Rebecca Barber, aka “608Bosslady” on the air with hiphop Saturday nights from midnight-3 am on WORT’s Universal Soul Explosion, was recently a featured guest on Breyon Oneofmani Sommerville‘s podcast “LookLocal1st.” Breyon gives her much respect for bringing the beats and even more for airing the shout-outs from prisoners which can be heard on U.S.E. every week. Click here to listen to the podcast episode focusing on Rebecca and her work with WORT and elsewhere in the community, such as her “day job” as Nehemiah Re-Entry Staff/Housing Coordinator for Dignity Housing Program and volunteering with Urban Community Arts Network (UCAN), as a Board member for the Madison Hip Hop Awards and more. Now celebrating a decade of hosting U.S.E., since the quarantine started she’s also helped keep the Fanjacker Radio show (Friday nights 2-5 am) on the air – it’s currently being produced by Wazzup Radio (host D Teck is the A&R Manager of Konvict Records) and they also simulcast the Soul Explosion on their network Saturday nights.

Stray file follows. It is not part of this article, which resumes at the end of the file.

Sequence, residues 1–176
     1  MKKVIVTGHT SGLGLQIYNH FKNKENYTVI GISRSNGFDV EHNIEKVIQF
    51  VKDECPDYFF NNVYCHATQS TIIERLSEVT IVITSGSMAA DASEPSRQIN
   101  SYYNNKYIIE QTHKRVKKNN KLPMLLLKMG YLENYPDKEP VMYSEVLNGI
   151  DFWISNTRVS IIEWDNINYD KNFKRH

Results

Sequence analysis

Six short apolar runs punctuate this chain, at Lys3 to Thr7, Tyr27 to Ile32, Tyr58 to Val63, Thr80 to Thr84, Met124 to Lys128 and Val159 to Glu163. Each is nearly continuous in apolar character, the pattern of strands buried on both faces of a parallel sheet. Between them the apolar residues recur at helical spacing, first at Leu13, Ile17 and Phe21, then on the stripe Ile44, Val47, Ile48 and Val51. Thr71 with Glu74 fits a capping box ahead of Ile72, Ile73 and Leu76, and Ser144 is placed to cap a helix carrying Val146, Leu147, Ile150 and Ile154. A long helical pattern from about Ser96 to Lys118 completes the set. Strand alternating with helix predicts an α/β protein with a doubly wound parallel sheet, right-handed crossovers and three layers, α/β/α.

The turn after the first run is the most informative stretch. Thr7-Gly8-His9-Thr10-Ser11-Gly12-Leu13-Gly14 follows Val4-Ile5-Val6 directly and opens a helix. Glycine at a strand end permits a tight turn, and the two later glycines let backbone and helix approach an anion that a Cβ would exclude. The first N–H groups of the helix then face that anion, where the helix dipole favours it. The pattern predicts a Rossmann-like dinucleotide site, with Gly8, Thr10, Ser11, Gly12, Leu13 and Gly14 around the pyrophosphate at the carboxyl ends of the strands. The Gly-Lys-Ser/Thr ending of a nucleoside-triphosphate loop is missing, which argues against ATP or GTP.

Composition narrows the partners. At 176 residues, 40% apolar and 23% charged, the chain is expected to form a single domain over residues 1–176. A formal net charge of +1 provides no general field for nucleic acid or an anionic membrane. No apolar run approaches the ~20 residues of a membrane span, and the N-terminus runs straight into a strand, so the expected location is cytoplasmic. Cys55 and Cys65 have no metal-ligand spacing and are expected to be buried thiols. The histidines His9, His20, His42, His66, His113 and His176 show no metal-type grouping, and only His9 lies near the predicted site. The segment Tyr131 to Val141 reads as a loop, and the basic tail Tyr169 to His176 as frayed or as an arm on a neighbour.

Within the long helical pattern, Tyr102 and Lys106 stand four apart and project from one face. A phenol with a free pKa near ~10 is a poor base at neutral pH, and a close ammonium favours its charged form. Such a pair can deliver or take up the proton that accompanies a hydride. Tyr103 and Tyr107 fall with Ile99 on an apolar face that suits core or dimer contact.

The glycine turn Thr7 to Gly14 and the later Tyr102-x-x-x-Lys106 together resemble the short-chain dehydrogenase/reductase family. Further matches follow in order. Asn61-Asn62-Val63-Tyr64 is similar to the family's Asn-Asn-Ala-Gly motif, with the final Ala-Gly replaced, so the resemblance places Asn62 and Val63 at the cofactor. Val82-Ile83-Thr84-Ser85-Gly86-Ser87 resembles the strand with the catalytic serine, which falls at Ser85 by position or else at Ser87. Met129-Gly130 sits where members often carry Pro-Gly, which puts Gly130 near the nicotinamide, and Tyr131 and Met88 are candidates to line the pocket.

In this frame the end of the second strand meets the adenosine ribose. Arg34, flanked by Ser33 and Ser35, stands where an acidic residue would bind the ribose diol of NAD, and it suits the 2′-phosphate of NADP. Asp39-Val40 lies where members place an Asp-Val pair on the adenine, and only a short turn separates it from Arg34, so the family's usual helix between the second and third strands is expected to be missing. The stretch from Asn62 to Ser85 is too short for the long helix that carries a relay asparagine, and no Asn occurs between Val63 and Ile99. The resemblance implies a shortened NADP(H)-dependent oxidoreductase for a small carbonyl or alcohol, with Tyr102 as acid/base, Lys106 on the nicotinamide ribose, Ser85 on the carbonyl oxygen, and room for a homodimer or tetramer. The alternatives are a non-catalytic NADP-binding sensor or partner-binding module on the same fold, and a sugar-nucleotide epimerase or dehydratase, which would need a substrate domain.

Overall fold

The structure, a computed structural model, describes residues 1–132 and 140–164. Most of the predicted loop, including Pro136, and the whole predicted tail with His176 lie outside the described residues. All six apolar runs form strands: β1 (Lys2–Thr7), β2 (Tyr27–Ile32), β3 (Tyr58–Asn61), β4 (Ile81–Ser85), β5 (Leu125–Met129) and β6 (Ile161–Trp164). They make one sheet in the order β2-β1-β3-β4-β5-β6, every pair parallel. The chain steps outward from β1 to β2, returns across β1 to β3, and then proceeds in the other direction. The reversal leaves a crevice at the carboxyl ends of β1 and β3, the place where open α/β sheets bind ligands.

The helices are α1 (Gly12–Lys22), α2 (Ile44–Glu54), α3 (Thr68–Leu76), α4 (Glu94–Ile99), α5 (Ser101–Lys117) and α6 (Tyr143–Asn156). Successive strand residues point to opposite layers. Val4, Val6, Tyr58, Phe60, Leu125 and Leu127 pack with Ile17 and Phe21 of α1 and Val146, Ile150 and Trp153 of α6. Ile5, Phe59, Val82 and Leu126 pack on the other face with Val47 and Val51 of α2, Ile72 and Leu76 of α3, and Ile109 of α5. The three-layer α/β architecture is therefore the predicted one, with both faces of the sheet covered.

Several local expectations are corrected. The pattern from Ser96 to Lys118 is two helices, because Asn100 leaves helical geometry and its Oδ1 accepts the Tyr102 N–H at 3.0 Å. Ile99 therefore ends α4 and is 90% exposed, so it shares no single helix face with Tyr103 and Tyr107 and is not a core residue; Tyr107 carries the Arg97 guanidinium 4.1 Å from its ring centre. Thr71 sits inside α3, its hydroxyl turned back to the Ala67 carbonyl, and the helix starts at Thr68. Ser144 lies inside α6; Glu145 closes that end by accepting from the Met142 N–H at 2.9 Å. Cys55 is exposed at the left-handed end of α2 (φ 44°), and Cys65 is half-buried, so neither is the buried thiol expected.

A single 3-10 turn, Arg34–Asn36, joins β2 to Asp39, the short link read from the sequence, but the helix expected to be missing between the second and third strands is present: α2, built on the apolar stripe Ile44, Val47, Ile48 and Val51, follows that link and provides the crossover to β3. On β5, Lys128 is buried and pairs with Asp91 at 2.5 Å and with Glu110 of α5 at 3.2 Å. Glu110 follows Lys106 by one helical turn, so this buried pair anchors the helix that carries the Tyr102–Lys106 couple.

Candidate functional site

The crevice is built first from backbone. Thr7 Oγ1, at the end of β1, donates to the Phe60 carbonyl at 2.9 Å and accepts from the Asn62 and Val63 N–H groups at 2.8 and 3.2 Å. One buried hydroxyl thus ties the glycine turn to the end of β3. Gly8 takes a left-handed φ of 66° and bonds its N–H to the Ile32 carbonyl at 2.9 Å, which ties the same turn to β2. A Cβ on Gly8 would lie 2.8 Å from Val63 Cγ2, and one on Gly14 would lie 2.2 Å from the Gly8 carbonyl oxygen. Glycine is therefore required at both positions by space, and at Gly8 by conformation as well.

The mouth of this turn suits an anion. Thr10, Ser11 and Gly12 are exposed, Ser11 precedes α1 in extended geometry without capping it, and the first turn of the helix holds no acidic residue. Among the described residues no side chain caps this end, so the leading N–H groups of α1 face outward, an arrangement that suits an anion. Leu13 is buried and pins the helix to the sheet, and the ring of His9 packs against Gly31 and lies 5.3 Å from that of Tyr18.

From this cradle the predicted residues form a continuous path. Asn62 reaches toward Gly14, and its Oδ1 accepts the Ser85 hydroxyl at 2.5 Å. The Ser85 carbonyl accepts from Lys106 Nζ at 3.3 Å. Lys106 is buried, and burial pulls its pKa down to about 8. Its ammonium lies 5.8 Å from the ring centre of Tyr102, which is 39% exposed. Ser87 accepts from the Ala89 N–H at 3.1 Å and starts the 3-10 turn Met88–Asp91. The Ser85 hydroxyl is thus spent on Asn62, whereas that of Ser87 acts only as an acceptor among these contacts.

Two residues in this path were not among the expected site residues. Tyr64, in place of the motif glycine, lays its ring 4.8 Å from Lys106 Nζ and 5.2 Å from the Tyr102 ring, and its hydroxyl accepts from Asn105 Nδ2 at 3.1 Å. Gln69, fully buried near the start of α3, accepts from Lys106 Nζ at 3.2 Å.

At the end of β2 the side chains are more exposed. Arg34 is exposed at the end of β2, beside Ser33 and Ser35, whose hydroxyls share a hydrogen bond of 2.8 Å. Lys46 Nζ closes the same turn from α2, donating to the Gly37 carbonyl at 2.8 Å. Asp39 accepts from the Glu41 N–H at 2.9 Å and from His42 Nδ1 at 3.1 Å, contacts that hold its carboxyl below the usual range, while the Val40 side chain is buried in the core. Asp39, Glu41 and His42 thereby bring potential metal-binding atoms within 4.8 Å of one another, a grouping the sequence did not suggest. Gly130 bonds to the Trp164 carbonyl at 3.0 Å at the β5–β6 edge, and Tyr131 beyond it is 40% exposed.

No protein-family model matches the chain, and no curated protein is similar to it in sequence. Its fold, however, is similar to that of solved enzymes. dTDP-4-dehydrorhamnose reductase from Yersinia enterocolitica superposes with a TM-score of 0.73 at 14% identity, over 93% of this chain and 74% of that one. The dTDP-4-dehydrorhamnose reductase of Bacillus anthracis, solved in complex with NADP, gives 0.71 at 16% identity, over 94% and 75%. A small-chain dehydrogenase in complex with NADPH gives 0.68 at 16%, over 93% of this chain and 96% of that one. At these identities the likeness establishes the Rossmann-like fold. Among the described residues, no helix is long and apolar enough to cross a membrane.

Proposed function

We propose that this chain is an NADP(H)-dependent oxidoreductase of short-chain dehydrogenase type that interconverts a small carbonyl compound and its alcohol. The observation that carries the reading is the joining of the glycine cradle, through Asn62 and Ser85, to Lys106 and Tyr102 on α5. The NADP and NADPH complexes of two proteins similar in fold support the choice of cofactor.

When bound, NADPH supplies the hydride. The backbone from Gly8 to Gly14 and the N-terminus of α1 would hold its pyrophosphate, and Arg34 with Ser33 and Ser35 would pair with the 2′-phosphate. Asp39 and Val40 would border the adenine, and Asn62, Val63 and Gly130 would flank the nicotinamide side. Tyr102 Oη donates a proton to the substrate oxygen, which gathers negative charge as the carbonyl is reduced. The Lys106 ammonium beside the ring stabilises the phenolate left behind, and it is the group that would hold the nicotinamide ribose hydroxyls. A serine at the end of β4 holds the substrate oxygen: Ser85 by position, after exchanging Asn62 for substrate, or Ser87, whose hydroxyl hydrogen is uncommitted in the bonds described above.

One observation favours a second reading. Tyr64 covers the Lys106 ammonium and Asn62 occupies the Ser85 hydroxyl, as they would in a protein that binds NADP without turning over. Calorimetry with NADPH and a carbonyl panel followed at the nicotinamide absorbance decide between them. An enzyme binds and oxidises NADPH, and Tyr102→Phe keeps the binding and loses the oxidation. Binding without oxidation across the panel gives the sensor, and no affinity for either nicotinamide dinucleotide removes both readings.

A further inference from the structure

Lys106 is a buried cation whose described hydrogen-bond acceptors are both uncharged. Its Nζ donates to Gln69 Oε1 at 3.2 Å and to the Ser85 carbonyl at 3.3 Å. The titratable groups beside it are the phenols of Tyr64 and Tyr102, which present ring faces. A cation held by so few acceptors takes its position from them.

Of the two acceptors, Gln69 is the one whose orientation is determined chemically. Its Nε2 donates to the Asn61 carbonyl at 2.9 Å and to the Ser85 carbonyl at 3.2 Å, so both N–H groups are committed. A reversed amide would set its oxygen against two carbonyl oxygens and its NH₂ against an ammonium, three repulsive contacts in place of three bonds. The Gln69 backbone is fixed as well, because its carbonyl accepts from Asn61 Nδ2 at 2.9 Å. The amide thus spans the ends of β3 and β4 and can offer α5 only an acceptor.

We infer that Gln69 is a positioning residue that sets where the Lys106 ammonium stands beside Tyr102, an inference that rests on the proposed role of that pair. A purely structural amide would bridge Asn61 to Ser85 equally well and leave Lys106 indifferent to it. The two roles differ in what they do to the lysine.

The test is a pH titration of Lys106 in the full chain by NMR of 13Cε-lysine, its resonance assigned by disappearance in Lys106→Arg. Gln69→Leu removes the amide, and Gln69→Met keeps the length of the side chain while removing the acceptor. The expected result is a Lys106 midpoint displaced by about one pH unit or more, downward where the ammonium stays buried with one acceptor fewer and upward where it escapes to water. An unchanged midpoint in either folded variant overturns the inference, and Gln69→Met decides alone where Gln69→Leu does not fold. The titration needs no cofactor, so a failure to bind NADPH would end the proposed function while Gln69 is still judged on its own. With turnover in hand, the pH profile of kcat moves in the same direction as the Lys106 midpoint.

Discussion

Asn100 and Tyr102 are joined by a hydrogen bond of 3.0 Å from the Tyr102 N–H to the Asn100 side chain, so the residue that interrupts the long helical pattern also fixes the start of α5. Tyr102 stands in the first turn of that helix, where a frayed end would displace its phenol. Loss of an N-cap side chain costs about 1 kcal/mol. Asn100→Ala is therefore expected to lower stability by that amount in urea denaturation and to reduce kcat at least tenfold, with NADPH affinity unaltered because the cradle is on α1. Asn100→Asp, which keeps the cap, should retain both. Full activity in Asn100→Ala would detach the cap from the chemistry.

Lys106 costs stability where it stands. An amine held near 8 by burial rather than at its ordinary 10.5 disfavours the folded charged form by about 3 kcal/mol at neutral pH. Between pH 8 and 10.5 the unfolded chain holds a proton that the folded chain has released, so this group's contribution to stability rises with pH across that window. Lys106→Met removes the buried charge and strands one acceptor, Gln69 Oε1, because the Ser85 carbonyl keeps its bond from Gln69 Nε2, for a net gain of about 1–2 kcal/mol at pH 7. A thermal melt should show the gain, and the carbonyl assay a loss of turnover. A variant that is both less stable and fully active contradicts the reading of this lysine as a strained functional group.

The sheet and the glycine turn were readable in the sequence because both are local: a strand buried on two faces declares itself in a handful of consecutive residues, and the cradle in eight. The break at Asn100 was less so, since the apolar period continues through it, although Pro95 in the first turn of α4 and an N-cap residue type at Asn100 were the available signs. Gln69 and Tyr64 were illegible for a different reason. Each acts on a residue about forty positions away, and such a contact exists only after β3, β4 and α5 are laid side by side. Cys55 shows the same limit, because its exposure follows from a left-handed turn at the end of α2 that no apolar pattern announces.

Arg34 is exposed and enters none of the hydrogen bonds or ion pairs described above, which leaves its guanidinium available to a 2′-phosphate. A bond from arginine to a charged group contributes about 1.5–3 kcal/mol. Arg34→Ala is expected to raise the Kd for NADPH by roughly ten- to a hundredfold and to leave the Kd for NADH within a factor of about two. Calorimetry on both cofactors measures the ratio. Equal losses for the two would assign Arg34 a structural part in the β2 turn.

Justified Anger, an initiative of Nehemiah, brings stories and conversations from staff and the community that inspire, educate, and engage people toward justice action. The goal is to eliminate racial disparities by provoking moral conscience and directing collective action at the grassroots and systemic levels. In the first episode of Justified Anger Podcast, the staff of Nehemiah’s Reentry Team explored experiences and issues occurring in Wisconsin correctional facilities during the coronavirus pandemic. Through the stories and relationships of the staff, the voices of those impacted by incarceration are heard in phone calls, letters, and interviews. Rebecca Barber and Shannon Ross provide perspectives on conditions in the actual prisons and jails right now during the COVID outbreaks of the past year.
Rebecca’s actually been involved with all of the Justified Anger podcasts since February 2, when the first episode of their series on the COVID Corrections Crisis was released. All episodes listed below can be heard on their website here.
“The Shout Out,” she explains, “is a way for someone to get a personal message to someone listening to the show. A close friend or family member calls the station, I put them on the air and their loved one hears their individual message of love and support. The inmates have countless positive and meaningful messages that the public, especially young people, should be hearing. But all those voices are inside. There has to be ways to bring them out.”